Ultraconservative news media, the new Congress, and some state governments have heavily relied on the testimony of Dr. Wei-Hock “Willie” Soon to discredit national and international reports on climate change by mainstream scientists. It turns out they’re probably making a big mistake.
Dr. Soon has claimed repeatedly that variations in the sun’s energy, rather than atmospheric carbon dioxide increases, are the prime cause of global warming. Here’s what he says:
“The evidence in my paper is consistent with the hypothesis that the Sun causes climatic change in the Arctic…. It invalidates the hypothesis that CO2 is a major cause of observed climate change—and raises serious questions about the wisdom of imposing cap-and-trade or other policies that would cripple energy production and economic activity, in the name of ‘preventing catastrophic climate change’.”
Because Soon is a researcher at the Harvard-Smithsonian Center for Astrophysics (not a full-time climate or atmospheric scientist, but a part-time aerospace engineer who works for the Smithsonian Institution, not Harvard), people have tended to believe him. Politicians opposed to action on climate frequently cite his work.
Many critics, however, say Soon’s climate change denials are based on spurious links between solar output and climate factors, out-of-date information, and inadequate study of anthropogenic sources of climate change. For almost 10 years, the DeSmogBlog Project has been investigating Soon’s connections and contributing to major media such as ABC News, Associated Press, and the BBC World Service about their findings.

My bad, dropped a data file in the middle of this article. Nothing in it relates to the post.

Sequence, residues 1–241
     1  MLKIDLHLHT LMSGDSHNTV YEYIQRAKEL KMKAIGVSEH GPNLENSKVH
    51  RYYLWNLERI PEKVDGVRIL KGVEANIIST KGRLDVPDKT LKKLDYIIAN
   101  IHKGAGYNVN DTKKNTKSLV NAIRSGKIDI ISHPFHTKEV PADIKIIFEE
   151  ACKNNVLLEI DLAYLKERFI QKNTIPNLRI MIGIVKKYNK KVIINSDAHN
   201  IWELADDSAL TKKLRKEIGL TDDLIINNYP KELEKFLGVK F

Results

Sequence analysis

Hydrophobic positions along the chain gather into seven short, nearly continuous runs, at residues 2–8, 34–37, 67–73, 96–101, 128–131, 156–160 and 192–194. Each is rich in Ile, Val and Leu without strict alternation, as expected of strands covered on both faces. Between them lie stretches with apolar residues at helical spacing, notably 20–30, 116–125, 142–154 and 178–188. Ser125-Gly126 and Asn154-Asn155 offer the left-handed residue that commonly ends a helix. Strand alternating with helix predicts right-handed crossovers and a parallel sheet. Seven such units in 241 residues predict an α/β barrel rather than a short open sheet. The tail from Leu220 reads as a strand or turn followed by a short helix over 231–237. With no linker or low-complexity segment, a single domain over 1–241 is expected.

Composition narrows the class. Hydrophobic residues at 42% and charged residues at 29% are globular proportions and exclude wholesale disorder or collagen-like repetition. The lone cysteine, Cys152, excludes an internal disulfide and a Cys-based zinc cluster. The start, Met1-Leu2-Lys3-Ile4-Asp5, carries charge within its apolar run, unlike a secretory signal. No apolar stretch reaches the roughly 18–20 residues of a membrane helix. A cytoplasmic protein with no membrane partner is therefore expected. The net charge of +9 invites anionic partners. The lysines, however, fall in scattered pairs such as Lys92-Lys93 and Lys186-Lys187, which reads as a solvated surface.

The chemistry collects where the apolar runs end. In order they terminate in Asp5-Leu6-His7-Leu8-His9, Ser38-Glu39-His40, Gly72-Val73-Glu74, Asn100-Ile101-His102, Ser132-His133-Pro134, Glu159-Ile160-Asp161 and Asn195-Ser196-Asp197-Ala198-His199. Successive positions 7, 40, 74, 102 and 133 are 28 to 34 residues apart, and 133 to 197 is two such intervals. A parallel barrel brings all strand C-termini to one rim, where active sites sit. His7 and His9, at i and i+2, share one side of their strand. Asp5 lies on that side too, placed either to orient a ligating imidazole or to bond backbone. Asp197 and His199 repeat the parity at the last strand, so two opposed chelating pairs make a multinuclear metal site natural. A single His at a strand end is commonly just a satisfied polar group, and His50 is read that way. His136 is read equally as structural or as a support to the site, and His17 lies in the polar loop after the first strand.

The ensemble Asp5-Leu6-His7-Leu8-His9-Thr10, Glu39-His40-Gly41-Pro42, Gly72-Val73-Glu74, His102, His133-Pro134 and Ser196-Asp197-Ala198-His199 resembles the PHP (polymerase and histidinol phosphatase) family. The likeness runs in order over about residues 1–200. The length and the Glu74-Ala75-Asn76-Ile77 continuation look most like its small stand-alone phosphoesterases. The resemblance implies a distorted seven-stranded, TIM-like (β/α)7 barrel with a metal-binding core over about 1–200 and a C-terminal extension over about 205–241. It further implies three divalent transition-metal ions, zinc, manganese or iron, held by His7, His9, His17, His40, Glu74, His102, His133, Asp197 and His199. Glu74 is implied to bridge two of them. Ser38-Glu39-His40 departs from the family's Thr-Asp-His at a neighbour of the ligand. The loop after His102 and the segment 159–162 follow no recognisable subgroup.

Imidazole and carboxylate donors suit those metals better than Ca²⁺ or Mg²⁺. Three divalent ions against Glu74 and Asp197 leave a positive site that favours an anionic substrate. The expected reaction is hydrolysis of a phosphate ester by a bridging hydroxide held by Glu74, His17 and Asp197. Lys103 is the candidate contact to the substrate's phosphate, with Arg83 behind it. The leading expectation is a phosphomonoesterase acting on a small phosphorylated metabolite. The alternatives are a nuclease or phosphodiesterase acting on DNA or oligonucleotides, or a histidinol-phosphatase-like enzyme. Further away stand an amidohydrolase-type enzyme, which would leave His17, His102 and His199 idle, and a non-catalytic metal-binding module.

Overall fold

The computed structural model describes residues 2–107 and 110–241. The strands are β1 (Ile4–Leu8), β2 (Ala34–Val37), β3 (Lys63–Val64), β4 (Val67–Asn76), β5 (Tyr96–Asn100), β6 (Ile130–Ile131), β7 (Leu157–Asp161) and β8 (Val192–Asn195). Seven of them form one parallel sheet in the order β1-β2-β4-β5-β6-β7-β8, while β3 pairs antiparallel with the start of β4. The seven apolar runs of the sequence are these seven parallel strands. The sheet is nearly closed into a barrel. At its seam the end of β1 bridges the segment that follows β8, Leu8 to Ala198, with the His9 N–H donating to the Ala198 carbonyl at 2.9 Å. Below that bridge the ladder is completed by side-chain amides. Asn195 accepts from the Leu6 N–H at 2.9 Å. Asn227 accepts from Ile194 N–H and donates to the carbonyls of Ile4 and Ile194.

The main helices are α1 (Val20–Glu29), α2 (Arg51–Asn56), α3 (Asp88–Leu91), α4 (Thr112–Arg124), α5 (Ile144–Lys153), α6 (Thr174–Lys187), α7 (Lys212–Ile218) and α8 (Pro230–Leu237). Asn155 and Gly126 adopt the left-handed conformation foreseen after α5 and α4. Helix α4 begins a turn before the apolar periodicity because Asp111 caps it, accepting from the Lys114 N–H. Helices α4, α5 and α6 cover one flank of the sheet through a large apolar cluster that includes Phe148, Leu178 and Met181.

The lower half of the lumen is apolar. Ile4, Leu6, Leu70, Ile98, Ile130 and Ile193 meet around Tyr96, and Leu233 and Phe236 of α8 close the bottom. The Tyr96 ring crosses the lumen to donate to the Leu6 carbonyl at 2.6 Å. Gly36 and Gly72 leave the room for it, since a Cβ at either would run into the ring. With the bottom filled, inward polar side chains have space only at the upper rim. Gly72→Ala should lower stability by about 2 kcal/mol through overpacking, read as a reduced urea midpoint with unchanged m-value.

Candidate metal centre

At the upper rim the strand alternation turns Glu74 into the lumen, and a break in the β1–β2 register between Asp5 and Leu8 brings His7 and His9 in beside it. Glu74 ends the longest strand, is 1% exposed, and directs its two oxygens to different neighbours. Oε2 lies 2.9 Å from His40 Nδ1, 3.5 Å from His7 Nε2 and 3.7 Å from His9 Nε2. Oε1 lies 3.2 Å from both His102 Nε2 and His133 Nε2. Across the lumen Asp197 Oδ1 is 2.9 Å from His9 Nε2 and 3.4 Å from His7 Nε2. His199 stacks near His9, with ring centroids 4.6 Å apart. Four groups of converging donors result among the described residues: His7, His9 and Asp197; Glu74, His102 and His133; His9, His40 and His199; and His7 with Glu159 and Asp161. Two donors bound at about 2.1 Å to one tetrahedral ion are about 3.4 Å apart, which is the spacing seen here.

Thanks to some sleuthing under the Freedom of Information Act by the environmental organization Greenpeace and the Climate Investigations Center in Alexandria, Virginia, we now know that Dr. Soon is at the center of a massive and unreported conflict of interest. ScienceInsider, The New York Times, Nature, The Guardian, and Inside Climate News have all covered the climate change denial story, although the Academy Awards may have preempted it for many. Soon has reportedly received unacknowledged financial support totaling over $1 million during the past decade from oil and gas companies and other corporate interests wishing to limit government regulation of greenhouse gas emissions from their commercial activities.
Soon and many of the journals that published his work are obliged by modern standards of academic publishing to fully disclose any financial support for their technical reports. Although he did not acknowledge support in his technical papers, Soon revealed it in another location: his financial reporting. He reported at least nine technical papers as “deliverables” to the Southern Company, a large Alabama energy conglomerate. These climate change denial and obfuscation “reports” are listed at the end of this article.